Thursday, November 04, 2010

Following the Money

The press analyses and extrapolations based on Tuesday's election results have continued almost unabated in the 48 hours since, mostly presenting it only in terms of the eternal Right vs. Left/Republican vs. Democrat/Conservative vs. Liberal divide.  In a way it makes sense for the media of either partisan stripe to frame the discussion in those terms, because it not only allows the narrative of an unending ideological struggle to continue, but also keeps notions of digging deeper at bay.  In my view, reading any kind of an ideological mandate -- left, right, or center -- into this election is to overlook the elephant in the room: the moneyed interests who've insured that their voice will be heard irrespective of which party holds the reins of power.

Not helping things during this cycle was the impact that the Supreme Court's "Citizens United v. FEC" ruling (which I previously discussed here) had on the race, but it's no secret how even the Obama admin's most progressive initiatives paid undue and, given the circumstances, improper attention to preserving the very status quo that's gotten us into trouble, whether insurance companies or big banks.  It all leaves you feeling like something far more systemic is being ignored in favor of temporary fixes that amount to Scotch tape and baling wire.  A few weeks back, the great Bill Moyers (whose late, lamented PBS show is still deeply missed) gave a talk on the subject of how our system of democracy has already given ground in some very fundamental ways to a plutocracy, regardless of which box you mark on the ballot.  Says Moyers:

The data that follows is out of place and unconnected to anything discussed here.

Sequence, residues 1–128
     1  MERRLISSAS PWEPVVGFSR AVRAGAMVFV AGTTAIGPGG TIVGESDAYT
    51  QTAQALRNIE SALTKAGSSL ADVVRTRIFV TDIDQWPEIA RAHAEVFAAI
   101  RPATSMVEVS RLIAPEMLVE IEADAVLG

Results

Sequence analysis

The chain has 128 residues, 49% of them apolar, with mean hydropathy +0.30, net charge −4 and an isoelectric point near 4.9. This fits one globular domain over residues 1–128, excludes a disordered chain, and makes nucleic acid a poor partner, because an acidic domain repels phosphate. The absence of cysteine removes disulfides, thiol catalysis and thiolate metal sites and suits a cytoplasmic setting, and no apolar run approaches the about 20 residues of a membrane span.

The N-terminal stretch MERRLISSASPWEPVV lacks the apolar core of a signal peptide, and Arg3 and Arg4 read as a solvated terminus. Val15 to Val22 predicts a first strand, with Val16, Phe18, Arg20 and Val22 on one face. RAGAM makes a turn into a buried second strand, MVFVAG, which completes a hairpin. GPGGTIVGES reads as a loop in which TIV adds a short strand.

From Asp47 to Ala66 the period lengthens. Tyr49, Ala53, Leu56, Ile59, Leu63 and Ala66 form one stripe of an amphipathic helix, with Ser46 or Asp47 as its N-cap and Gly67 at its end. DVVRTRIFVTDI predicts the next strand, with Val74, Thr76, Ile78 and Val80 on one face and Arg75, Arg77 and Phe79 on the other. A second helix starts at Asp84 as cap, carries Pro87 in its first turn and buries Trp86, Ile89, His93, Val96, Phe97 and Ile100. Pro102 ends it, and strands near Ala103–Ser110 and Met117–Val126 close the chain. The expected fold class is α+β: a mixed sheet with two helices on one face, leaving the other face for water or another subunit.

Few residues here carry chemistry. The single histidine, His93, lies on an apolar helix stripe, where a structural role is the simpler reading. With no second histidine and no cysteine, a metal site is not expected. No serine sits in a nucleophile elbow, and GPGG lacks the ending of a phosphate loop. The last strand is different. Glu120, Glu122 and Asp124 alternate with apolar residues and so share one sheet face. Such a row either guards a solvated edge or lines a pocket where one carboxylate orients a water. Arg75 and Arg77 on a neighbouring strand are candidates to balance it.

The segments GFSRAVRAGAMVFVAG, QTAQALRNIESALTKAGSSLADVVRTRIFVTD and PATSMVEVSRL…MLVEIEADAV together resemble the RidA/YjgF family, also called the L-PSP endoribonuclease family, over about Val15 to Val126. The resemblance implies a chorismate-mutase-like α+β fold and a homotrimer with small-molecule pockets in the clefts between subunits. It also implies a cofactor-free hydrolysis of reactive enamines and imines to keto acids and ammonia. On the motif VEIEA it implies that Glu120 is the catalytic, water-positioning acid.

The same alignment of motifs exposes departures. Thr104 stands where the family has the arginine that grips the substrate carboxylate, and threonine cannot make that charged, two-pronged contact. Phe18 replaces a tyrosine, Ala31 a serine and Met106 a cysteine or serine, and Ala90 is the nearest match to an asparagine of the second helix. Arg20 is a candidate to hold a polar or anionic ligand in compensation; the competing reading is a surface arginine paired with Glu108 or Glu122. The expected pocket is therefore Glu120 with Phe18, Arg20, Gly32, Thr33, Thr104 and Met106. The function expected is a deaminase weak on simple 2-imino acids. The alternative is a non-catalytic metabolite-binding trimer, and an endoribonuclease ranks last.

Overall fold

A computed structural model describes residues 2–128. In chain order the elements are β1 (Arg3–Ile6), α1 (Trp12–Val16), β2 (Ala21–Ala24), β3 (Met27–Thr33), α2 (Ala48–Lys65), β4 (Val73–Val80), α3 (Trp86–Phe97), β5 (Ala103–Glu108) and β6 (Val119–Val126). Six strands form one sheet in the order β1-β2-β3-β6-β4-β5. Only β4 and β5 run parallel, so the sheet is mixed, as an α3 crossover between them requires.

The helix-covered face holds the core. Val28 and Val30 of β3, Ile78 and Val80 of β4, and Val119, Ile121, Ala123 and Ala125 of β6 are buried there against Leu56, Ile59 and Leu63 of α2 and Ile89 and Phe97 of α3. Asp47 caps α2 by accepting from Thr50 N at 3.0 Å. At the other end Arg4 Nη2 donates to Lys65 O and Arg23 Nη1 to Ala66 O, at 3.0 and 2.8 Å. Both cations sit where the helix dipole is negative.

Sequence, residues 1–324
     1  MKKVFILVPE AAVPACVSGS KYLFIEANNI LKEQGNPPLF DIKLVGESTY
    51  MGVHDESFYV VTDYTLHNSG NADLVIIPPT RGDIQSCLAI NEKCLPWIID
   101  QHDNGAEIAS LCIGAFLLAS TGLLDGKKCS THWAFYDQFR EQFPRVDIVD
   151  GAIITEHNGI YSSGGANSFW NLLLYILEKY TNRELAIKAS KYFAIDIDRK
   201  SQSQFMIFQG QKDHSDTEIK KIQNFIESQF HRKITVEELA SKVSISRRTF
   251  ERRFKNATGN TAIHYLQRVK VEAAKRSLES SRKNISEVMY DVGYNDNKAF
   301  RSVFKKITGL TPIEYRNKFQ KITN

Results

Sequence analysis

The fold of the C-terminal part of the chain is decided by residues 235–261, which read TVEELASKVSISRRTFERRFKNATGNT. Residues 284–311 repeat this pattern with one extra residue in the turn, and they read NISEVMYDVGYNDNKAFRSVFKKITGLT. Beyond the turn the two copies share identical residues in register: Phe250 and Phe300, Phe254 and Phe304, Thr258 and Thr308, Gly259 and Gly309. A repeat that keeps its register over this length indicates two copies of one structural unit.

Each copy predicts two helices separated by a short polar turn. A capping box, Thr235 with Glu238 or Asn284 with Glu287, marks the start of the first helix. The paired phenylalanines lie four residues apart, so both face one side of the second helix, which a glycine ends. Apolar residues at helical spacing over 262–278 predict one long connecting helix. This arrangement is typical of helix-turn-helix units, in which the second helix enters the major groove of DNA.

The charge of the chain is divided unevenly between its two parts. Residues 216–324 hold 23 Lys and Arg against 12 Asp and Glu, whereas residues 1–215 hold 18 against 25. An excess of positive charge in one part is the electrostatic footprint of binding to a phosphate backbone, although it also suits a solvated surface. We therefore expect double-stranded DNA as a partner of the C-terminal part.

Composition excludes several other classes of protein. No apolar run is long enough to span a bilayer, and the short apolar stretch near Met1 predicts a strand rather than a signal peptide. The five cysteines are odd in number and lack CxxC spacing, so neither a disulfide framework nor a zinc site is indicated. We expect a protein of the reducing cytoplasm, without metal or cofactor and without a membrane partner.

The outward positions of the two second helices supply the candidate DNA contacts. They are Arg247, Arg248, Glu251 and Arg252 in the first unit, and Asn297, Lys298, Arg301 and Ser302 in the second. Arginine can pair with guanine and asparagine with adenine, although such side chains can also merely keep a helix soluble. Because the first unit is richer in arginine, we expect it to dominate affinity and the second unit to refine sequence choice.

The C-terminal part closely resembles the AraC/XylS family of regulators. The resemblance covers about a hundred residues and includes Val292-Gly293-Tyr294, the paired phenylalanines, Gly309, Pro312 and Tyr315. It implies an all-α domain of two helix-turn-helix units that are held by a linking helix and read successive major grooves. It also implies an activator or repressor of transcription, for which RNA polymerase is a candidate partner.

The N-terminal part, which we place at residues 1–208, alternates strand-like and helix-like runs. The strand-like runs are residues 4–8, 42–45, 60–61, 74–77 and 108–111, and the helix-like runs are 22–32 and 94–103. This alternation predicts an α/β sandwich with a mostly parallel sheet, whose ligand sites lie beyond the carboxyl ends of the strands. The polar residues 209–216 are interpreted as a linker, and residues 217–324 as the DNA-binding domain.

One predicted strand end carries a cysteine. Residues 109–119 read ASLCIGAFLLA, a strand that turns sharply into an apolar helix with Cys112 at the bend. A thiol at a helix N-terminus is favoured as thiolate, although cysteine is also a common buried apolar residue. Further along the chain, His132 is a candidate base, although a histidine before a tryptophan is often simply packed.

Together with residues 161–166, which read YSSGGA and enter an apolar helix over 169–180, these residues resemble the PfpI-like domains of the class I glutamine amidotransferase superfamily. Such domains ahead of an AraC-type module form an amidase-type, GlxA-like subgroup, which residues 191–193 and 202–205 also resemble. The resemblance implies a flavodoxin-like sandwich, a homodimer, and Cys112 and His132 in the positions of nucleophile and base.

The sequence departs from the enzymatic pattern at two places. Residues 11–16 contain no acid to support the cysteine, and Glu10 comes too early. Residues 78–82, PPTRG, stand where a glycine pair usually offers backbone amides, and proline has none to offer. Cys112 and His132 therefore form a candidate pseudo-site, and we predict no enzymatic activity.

Socrates said to understand a thing, you must first name it. The name for what’s happening to our political system is corruption – a deep, systemic corruption. I urge you to seek out the recent edition of Harper’s Magazine. The former editor Roger D. Hodge brilliantly dissects how democracy has gone on sale in America. Ideally, he writes, our ballots purport to be expressions of political will, which we hope and pray will be translated into legislative and executive action by our pretended representatives. But voting is the beginning of civil virtue, not its end, and the focus of real power is elsewhere. Voters still “matter” of course, but only as raw material to be shaped by the actual form of political influence – money.
So, so much more from Moyers at the link, and all of it is worth a read.  And be forewarned that you're in for a very depressing morning.

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